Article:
Obama monitoring Detroit after bankruptcy filing
The White House says it's standing by Detroit after it became the biggest city in America to file for bankruptcy.
Spokeswoman Amy Brundage says President Barack Obama and senior advisers are monitoring the situation.
Brundage adds that while Michigan leaders and the city's creditors understand their responsibility to solve
Detroit's financial problems, the White House will continue to partner with Detroit as it tries to recover and maintain its status as one of America's great cities.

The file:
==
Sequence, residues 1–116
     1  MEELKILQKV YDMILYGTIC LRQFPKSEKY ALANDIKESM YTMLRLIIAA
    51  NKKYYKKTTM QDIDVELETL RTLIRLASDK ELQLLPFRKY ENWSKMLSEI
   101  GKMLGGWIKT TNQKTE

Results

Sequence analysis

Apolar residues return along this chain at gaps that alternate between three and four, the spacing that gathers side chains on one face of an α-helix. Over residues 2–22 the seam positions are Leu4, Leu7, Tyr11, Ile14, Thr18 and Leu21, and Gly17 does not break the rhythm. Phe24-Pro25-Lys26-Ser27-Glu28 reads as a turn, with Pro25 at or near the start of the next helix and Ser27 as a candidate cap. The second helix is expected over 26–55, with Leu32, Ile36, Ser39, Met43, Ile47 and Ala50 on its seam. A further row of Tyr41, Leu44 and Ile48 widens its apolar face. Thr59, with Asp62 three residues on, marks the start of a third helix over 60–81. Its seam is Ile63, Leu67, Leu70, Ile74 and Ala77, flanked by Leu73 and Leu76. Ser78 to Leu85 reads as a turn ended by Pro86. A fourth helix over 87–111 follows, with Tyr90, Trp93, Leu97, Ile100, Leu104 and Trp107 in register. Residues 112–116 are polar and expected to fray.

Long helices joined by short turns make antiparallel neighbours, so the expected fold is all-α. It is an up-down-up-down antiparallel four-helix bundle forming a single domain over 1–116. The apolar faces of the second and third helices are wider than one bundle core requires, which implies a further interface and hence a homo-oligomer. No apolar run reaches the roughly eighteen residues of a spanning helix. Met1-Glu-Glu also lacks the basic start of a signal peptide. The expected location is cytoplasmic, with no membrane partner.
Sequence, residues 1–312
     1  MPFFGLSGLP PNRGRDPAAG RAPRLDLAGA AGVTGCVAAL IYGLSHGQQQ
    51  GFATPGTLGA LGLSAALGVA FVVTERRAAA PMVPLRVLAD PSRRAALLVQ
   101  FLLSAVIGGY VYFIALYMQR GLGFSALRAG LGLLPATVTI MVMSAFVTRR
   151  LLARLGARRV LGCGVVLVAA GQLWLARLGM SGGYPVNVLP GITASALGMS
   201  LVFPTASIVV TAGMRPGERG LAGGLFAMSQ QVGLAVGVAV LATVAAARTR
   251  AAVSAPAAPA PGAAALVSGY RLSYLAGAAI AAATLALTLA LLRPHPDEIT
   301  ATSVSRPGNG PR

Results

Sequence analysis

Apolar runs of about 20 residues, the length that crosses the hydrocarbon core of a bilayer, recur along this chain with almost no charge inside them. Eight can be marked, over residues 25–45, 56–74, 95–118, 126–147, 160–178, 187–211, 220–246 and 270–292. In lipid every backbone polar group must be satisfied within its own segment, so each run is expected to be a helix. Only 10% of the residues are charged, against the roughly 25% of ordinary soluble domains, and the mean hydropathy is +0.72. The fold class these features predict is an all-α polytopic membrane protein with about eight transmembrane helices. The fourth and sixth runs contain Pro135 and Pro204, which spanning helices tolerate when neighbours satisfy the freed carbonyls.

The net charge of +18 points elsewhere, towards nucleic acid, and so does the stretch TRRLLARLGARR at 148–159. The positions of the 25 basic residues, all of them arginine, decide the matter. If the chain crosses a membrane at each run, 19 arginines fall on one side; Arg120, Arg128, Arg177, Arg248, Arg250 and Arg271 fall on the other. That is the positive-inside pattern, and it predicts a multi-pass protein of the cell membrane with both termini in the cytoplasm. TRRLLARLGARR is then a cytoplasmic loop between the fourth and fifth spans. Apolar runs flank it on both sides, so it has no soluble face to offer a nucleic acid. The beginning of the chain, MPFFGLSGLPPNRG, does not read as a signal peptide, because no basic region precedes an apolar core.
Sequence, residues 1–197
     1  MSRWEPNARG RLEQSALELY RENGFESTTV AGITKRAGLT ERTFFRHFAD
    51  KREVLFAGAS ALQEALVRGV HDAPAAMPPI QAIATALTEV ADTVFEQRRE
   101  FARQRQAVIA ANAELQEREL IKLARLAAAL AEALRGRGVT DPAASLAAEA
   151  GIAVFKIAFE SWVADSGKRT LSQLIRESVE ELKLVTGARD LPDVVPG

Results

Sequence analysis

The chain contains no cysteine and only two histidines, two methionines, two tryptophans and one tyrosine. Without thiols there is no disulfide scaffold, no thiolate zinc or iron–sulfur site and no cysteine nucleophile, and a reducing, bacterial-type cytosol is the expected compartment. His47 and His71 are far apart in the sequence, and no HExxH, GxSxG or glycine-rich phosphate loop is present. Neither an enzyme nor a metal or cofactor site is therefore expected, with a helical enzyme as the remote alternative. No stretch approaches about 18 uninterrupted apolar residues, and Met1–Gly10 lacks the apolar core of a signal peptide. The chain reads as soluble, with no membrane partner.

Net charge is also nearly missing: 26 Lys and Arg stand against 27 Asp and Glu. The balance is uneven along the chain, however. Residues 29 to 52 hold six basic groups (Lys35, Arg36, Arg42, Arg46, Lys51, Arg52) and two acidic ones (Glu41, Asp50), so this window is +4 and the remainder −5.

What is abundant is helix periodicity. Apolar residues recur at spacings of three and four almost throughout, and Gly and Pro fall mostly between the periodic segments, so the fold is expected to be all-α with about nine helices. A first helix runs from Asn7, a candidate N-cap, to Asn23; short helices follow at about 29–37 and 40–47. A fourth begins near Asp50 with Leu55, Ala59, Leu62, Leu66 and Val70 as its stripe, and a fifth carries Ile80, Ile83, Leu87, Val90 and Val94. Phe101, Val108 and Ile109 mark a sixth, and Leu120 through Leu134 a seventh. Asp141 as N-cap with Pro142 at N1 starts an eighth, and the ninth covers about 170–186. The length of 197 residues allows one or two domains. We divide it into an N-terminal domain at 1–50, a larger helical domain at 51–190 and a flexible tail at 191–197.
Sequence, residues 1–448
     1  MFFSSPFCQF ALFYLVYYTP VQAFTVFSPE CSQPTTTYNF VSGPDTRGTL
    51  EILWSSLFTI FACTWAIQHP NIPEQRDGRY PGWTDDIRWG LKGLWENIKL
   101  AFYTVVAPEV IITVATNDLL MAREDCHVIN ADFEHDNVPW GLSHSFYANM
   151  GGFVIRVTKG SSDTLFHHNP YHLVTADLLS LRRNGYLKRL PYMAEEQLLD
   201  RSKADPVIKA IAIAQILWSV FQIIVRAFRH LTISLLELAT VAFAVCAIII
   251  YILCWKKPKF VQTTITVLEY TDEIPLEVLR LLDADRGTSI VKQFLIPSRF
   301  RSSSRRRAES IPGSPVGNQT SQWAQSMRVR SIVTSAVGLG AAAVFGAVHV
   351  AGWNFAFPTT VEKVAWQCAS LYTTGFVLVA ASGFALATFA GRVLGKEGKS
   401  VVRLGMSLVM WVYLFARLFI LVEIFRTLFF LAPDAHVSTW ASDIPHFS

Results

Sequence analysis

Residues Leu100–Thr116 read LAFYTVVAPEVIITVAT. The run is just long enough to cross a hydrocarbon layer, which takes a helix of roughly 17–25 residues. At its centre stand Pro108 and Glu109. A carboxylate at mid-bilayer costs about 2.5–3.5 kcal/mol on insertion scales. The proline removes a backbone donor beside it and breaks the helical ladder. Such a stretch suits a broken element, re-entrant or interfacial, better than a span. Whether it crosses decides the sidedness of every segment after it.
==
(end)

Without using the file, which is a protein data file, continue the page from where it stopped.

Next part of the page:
Mayor Dave Bing says he didn't want the city to go bankrupt, but now that it's happened, the people of the city "have to make the best of it."
Emergency financial manager Kevyn Orr says it's business as usual in
Detroit. He says the city will stay open and bills will be paid.
Thursday's filing in federal bankruptcy court was approved by Gov. Rick Snyder. The move puts the city on an uncertain path that could lead to layoffs of city workers, the sale of city assets, higher fees and cuts in such services as trash and snow removal.